Files in this item: 1ESL-IE-92-04-35.pdf (4.764Mb)
Viar, W. L. (Energy Systems Laboratory (http://esl.tamu.edu), 1979)[more][less]
Abstract: Hydrocarbon reforming involves a variety of chemical reactions at high temperatures and pressures in the presence of suitable catalysts. The conversion of naptha to high octane aromatics requires high energy to initiate and sustain the reaction at temperatures of 850-950oF. Hydrogen - rich off - gases are fired in combinations of process furnaces. Heat is transferred to hydrocarbon fluids by radiation, principally. Feed or return stream temperatures determine the need for convection sections. It is essential that the operation and maintenance of these furnaces be optimized to minimize production costs. This paper describes the performance testing and evaluation of a set of ten refinery furnaces used to thermally drive several reforming reactors and to regenerate catalysts. Firing rates provide an input of 216.2 x 106 Btu/hr. to the furnaces, at $1.90 per 106 Btu. The units are fitted with multiple natural draft burners. There is insufficient turbulence and swirl in the burners. Operators manually set up the burners with excessive airflows for normal, full-load firing. These furnaces represent production limits. Products of combustion exhaust at high thermal levels - the range is from 985-1700oF. The mixed gases flow through a "waste heat" boiler, or they bypass the boiler and enter a single stack. Steam generation at 150 psig averages 38,200 lb/hr. Heat is wasted via the bypass at a rate of 41.1x106 Btu /hr. at 1240oF. When airflows are reduced (to 15% excess air) the loss will be 18.7x106 Btu/hr. at 1180oF. Installation of a second, parallel waste heat boiler will result in a saving of l3.4x106 Btu/hr. Energy savings at this furnace complex will be equivalent to $628,700 per year. Investment costs were estimated to be less than $250,000 for the proposed heat trap addition.
Files in this item: 1ESL-IE-79-04-33.pdf (1.948Mb)
White, J. R.; Marshall, J. F.; Shoemaker, G. L.; Smith, R. B. (Energy Systems Laboratory (http://esl.tamu.edu); Texas A&M University (http://www.tamu.edu), 1983)[more][less]
Abstract: In recent years crude oils available to refiners have required more energy to refine and refiners have adjusted their processes to obtain better energy efficiency. In addition, the shift to lead-free gasoline has led to refining adjustments that reduce the energy effects of changing octane levels. These changes have been incorporated in the linear program representation of a modern 'fuels' refinery. The total flow of crude oil to products and the corresponding energy use are included in this representation. The shifts in processes and stream flows and corresponding energy changes as related to gasoline octane levels are illustrated by detailed flow charts. A method for allocating process energy consumed to individual products is offered. The allocation to gasoline is shown to be somewhat higher than to other products. The energy to change gasoline octane levels is a very small fraction of refinery energy consumption.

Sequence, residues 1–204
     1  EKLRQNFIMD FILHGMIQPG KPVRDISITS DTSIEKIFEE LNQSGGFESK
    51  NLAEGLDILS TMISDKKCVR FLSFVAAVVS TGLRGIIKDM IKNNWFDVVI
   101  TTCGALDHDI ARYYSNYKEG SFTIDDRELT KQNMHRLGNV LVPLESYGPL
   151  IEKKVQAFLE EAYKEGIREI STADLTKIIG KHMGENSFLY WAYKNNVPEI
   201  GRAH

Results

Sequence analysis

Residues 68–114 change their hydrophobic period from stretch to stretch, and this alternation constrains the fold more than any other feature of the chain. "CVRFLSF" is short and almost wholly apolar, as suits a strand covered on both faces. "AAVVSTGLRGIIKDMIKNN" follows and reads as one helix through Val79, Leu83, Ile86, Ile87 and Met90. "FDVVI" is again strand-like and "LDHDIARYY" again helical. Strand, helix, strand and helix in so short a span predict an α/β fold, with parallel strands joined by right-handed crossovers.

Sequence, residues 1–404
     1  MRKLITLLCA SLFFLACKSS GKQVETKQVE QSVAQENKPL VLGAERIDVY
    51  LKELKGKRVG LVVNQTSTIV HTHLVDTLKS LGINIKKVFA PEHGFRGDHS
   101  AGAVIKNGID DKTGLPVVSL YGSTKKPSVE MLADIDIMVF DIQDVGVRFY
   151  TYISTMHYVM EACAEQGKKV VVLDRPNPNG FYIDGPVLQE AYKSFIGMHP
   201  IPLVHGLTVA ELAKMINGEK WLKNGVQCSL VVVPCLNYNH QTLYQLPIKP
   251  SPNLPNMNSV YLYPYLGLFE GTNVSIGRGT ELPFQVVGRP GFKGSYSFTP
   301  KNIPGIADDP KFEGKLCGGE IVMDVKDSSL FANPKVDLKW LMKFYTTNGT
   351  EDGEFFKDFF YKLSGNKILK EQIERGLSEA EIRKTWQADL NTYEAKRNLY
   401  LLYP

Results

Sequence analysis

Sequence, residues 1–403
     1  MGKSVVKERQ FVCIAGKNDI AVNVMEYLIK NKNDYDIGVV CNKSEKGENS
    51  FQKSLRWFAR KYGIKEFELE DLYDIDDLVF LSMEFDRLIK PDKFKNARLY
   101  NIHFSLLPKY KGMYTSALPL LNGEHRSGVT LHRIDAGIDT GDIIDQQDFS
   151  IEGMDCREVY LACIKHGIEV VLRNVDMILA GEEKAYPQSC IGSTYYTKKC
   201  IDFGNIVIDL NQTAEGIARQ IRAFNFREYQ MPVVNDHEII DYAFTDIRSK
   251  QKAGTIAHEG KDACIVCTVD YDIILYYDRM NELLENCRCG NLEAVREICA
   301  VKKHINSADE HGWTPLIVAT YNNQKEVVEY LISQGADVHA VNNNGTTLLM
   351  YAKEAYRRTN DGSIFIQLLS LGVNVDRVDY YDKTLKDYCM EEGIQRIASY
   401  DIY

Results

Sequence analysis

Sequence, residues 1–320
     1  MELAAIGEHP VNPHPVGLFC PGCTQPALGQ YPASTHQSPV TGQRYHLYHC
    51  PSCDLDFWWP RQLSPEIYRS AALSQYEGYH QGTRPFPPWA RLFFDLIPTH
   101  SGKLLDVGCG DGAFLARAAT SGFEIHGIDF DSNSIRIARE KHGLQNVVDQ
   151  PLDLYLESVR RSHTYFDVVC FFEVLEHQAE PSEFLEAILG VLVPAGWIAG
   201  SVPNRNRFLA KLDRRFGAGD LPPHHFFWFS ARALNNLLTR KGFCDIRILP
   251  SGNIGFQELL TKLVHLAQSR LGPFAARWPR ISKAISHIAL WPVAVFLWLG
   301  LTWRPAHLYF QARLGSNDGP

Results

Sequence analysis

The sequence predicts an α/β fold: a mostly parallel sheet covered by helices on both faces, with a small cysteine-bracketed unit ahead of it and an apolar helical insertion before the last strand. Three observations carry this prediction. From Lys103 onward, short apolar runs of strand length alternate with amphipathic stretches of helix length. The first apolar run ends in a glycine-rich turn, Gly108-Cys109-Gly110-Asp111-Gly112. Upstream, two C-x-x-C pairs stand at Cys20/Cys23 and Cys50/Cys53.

Files in this item: 1ESL-IE-83-04-117.pdf (2.979Mb)
Shipley, A. M.; Elliott, R. N. (Energy Systems Laboratory (http://esl.tamu.edu), May 2003)[more][less]
Abstract: Fuel cells have been touted as one of the most reliable and environmentally sound methods of producing high-quality electricity for use in the industrial sector. Fuel cell developers are racing to produce larger quantities of fuel cells at lower prices. While the power densities of fuel-cell stacks have been increasing, fuel cell technologies have unfortunately remained uneconomical for the majority of industrial customers. The growth of the fuel cell market has not increased at the rate at which developers and marketers would like us to believe. With stricter federal air regulations coming into effect in 2007 and more urban/industrial areas falling into non-attainment for pollutants such as NOx operators of distributed generation systems may begin to consider fuel cells a more viable option. In this paper we will explore the potential of various fuel cell technologies for providing on-site generation at industrial facilities. Our analysis will include brief technical descriptions of the various fuel cell technologies as well as a description of applicable end-use applications for the various technologies. We will determine which technologies hold the most potential for providing reliable power and heat for processes as well as estimates of technically and economically feasible industrial fuel cell capacity between now and 2020. The manufacturing service infrastructure, technical and market barriers to increased demand, and regulatory, permitting, and siting issues will be explored. We will outline the various factors that play in the technical and economic diffusion and offer sample diffusion curves for the various fuel cell technologies.
Files in this item: 1ESL-IE-03-05-15.pdf (6.622Mb)